Yes and no.
Recent posts on polar shift , weather patterns , global warming , earths quakes , volcanic activity , are they all related to the shifting of
... a polar shift causes electrical interference in animals and in the weather and in the earths crust as in earth quakes..
I believe you're looking at two different definitions of "polar shift": one (a magnetic pole shift
-- or reversal) which happens on the
average of every couple hundred thousand years; and a shift in the axis-of-rotation poles
which could only happen if the Earth were impacted by
another planet (in which case the Earth would probably turn into another asteroid belt).
The first 'polar shift' is a reversal of the magnetic poles. No one is ablsoutely sure why
this happens, but we know when
by looking at the way certain rocks in the middle of the Atlantic Ocean are magnetized. We know that this happens about once every seventy thousand
years on the average (if I remember correctly); and we also know it's not a catastrophic event, since there is no correlation between these magnetic
field reversals and die-offs in the geological and paleontological records. Admittedly, some species which migrate by picking up magnetic cues (like
the monarch butterfly) may change their patterns, but it won't be a catastrophic event like the Chicxulub Strike in the Yucatan which ended the
A physical shift of the axis-of-rotation pole (in other words, the point which points to the Pole Star) simply will not happen. Given that the Earth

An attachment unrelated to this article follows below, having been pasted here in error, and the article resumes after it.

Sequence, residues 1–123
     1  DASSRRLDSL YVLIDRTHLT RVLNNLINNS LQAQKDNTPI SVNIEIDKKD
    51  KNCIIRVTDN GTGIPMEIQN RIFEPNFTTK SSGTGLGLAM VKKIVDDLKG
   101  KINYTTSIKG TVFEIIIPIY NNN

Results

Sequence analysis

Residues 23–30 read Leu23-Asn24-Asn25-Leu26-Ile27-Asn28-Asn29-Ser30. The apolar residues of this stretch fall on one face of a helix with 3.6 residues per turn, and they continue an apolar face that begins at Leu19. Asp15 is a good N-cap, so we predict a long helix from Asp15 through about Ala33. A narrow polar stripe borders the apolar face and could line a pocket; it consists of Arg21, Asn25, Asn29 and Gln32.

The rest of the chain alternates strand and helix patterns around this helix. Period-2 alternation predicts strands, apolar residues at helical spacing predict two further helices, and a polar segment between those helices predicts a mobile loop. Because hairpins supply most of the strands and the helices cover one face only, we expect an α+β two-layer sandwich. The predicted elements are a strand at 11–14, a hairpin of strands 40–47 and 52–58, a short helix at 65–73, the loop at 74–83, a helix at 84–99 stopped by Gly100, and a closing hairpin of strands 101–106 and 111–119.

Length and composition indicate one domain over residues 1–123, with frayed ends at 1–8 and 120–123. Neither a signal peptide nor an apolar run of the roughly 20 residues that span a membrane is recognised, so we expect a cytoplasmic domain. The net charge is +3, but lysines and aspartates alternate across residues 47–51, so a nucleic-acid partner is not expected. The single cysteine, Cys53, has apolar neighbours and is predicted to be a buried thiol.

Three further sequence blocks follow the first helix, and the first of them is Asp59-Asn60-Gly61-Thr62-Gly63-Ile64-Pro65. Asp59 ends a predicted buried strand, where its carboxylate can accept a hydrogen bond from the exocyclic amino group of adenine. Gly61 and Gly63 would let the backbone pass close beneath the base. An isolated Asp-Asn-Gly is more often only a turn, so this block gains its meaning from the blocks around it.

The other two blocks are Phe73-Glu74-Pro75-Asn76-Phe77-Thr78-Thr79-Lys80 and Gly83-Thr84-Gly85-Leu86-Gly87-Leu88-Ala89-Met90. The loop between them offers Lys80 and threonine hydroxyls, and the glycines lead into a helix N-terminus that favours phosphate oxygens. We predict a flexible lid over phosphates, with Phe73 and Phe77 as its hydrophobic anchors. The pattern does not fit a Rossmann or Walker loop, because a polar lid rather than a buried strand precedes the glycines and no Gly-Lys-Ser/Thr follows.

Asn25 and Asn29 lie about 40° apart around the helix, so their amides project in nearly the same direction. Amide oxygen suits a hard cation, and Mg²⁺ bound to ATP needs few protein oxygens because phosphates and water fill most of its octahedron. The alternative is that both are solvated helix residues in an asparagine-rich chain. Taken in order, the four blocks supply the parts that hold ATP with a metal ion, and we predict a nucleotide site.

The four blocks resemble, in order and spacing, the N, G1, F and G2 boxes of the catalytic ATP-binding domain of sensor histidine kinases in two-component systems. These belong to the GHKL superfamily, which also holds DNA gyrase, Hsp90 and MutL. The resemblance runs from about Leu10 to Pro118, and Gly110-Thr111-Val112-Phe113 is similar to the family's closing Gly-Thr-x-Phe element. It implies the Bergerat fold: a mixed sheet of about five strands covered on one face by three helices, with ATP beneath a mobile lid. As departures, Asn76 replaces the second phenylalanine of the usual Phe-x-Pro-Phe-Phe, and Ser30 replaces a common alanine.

weighs sextillions of tons and that its rotation imparts a tremendous conservation-of-angular momentum stability, any physical force capable of
changing the axis of rotation would probably destroy the Earth itself. In any event, it's only happened once in the entire solar system (to Neptune)
and even that may because of some angular-momentum jiggery-pokery some 4 billion years ago when the solar system was still not much more than an
Your input in this matter may explain why where is was cold is now getting warmer and where it was warm is now getting cooler...
I think the climate changes, while very serious, can be explained by something a lot simpler. An overall warming of the Earth (probably caused or at
least exacerbated by human activity) causes a melting of the polar icepacks and resultant decrease in the ocean salinity. Because of this, the
"conveyor effect" of the Gulf Stream (and probably the Japan Current, although it's kind of early to tell) is lessened, which means that places
which are warmed by these currents (like England) could become much colder.
But earthquakes and volcanic activity are almost always caused by movements in the tectonic plates; specifically, the boundaries between them. I am
not aware of any correlation between climate and earthquakes, although certainly large volcanoes can and do cause climate changers, usually by the
expelled ash in the stratosphere causing a cooling effect. If such stuff interests you, may I suggest Catastrophe: An Investigation into the
Origins of Modern Civilization
by David Keys (